My closet was small, but the wafting mixture from the kitchen and the colognes and sweet perfumes made it feel like a garden at night. I smiled and chatted my way to bigger tips. I became more comfortable and helpful and the customers were easy to be around.
My time working at Harrison’s Bar and restaurant was where I found a peace and control that fortified my weakened soul.
It also proved that everyone else, grandma, David, Eva and my mother were wrong about me.
I sought out and got a job without their help, just the thought of not having to thank them gave me more joy than they would ever imagine.
I sat in homeroom the next morning, still thinking about my small growing hope when a girl sat next to me. She had thick hair that spilled over her shoulders in waves and ivory skin that was in the middle of an angry breakout. She had an upturned nose and thin lips, so her smile was toothy.
She wore acid washed jeans and jacket, over an oversized sweatshirt that seemed to add to her heaviness. I could almost taste the tinge of nicotine that emitted from her.
“Hi, I’m Christina Papagapitos.”
My eyes widened a bit at her last name.
“That’s a big name.” I said smirking. She gave me a natural smile that made her eyes twinkle.
“I’m Greek. It’s a pain most of the time, you wouldn’t believe the way people try to spell it, much less say it.” She told me with a little laugh. I relaxed and stuck out my hand.
“Susanna Diaz.”
That was the start of our friendship and we became inseparable, much to the dismay of Christina’s best friend, Donna. Donna was a heavy dark haired girl that Christina had known since second grade. When Christina met me, they saw each other less and less. So, she did what any good friend would do, I suppose. She confronted me in the hall before a class.
“I want you to stay away from my friend. I don’t like you, I think you’re weird and I don’t want Christina hurt.”
“Do you always tell your friends who they can be friends with?”
She put her hands on her hips and leaned toward me.
“I can make the exception.”
I acted unconcerned, but my heart was racing and I could feel the hot licks of my rage beginning to blur my reason. Violence wrapped around me like a venomous serpent, hissing a warning and I reined myself in. I looked at her through my scowl.
“Talk to her about it, I don’t have the time.” and walked on. I didn’t mention it to Christina because I didn’t care about it. If she chose to end our friendship, then that would be up to her. It wouldn’t be the first time I lost a friend, so I didn’t invest myself in them. I learned to enjoy the time while I had it. I liked hanging out with her in her lemon yellow room and listening to our favorite albums. She was fun to be around, full of energy and an innocence that made me feel maternal and protective.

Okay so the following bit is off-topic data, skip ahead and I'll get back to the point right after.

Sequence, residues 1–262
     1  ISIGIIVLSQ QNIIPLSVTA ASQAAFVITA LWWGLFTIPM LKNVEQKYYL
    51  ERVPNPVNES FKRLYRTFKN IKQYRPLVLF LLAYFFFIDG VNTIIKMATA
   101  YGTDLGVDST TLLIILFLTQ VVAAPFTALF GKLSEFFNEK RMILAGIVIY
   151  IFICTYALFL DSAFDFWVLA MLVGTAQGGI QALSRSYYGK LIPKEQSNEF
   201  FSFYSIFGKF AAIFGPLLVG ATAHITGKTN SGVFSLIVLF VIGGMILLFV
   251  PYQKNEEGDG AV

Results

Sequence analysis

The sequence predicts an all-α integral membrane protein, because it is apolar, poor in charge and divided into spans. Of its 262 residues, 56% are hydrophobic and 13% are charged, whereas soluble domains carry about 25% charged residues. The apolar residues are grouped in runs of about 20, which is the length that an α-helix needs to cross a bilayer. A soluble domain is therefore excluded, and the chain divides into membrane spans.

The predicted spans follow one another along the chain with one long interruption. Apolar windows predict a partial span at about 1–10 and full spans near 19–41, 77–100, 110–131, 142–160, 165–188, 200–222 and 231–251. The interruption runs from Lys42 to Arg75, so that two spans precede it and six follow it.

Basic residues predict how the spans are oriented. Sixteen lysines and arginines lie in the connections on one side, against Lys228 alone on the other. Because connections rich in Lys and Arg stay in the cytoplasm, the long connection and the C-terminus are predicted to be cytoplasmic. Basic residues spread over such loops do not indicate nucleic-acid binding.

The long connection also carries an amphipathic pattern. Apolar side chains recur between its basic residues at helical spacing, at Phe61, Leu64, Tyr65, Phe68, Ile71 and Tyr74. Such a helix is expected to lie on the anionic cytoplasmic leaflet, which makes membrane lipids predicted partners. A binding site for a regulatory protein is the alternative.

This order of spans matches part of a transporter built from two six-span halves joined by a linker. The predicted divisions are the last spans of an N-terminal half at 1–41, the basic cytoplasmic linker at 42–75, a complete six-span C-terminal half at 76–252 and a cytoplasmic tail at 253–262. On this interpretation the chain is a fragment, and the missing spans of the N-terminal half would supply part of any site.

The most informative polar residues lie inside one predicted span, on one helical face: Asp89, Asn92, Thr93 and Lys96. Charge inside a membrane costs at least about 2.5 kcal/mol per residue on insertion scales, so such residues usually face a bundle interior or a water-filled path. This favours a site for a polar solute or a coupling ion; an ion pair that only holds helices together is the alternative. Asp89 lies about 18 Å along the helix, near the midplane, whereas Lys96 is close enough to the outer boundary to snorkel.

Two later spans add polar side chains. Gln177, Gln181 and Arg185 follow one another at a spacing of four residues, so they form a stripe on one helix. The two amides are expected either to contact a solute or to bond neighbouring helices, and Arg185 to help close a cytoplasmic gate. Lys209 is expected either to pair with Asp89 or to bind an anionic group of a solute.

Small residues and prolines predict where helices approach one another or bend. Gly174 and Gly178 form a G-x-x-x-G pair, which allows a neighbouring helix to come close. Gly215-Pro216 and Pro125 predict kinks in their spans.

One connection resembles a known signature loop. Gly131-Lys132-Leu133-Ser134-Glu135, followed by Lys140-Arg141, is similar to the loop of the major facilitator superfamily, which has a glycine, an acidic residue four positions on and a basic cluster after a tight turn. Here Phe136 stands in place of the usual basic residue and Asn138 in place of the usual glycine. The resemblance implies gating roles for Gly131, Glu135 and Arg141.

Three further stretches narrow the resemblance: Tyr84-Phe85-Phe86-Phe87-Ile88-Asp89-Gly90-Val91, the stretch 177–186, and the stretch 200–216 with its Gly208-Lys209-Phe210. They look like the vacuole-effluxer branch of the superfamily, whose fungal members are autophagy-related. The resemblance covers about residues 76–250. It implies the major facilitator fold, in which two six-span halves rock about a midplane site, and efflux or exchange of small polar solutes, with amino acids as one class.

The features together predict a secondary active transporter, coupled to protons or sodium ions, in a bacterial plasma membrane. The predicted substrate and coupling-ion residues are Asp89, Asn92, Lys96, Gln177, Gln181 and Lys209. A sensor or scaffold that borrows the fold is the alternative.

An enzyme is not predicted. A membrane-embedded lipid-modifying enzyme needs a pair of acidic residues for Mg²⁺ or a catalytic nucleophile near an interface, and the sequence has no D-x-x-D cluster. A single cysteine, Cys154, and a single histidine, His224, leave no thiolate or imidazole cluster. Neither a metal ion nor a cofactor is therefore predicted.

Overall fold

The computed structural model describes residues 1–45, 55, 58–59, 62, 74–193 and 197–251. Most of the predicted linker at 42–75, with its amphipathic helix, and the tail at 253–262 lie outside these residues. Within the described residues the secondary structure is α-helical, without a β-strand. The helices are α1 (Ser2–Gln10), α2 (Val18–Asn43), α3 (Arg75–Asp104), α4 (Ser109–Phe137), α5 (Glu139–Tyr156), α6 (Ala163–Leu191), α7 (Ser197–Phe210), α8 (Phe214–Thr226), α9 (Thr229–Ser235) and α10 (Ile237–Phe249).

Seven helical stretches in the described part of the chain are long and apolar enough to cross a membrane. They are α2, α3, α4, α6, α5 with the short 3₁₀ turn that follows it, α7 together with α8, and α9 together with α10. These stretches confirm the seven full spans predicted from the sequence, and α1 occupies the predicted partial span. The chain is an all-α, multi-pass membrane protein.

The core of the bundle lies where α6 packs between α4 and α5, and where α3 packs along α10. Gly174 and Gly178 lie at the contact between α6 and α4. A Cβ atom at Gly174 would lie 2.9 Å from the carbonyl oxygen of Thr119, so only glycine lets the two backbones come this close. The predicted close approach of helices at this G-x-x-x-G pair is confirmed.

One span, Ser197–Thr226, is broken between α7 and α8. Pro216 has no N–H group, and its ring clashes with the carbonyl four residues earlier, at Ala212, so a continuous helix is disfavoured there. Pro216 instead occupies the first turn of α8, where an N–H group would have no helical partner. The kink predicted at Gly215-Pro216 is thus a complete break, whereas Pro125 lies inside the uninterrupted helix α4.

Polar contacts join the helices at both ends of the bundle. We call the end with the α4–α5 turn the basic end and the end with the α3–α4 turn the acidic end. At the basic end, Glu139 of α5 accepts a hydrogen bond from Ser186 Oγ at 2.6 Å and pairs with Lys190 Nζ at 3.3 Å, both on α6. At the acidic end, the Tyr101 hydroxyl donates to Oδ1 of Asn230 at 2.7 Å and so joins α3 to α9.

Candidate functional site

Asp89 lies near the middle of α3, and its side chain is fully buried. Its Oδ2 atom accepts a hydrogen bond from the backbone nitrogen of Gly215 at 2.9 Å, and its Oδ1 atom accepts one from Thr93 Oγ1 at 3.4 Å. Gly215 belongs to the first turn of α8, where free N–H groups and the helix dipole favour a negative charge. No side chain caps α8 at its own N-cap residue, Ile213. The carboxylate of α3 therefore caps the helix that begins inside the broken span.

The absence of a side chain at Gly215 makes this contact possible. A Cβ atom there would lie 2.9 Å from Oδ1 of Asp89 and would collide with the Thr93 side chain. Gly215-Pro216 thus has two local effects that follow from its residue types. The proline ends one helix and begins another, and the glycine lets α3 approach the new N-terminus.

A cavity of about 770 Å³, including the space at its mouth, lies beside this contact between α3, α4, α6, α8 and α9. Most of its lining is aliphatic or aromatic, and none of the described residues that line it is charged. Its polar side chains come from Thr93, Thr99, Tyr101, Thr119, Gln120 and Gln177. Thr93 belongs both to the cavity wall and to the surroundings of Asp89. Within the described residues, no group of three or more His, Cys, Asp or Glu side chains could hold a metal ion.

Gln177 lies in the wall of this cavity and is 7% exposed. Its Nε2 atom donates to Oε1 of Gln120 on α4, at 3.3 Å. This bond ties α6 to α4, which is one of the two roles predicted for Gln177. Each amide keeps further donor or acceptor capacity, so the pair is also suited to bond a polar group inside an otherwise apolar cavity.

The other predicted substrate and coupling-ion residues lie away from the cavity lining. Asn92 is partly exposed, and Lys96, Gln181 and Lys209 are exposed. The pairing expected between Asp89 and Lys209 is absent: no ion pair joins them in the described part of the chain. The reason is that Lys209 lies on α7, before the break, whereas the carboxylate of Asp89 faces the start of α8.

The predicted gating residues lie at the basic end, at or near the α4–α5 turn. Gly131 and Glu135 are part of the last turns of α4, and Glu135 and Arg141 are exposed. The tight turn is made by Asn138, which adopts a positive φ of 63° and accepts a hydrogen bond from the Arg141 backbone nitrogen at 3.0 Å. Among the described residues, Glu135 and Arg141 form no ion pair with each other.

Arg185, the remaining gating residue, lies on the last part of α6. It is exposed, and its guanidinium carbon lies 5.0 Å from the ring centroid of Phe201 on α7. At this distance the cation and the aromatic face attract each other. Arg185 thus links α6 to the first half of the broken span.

Our second home was the Kings Plaza mall. Hours were spent window shopping, chewing on enormous pretzels from the kiosks and dreaming about the future. The stores were like presents that we couldn’t open until we were old enough, it heightened our desire to grab those goodies and change our lives.
Our lives were similar in some ways. Christina’s parents, Sandra and Milo Papagapitos went through a messy divorce a few years earlier and made no attempt to cover their mutual animosity.
Christina and her older brother, Jared lived with Sandra and they rarely saw their father.
Perhaps that was why Jared, who worked part time as security guard, would lie around in his underwear waiting for his sister to bring her unsuspecting friends home or why he would claim to have Tourette’s Syndrome and have cursing fits just to shock others and make them uncomfortable. His relationship with Christina was no better and I sensed an abusive strain somewhere in it.
Sandra and Christina argued constantly.
“She still thinks I’m a little girl.” Christina moaned to me once. It didn’t make it any better that Sandra thought I was some sinister pied piper out to lure her innocent daughter into a world of sex, drugs and Rock and Roll.
During my breaks, I would call Christina and we would talk about the coming holidays.
“I’m almost done with the fucking house and tree, but this morning she tells me she wants the white lights instead of the colored. Now, I have to back out tonight and change the fucking lights.” I complained, the stress was making my skin itch.
“I don’t know how you put up with it, Susanna. Sandra wouldn’t dare try that shit with me, she knows that I’m not into that.”
I chuckled. Christina had often made that point whenever she argued with her mother.
I could picture Sandra with her thin arms crossed over her small chest, her dark hair was short and permed. Her white eyes were a muddy brown and they sat close on her oval face. She had a long nose and thin lips that were lined from years of smoking.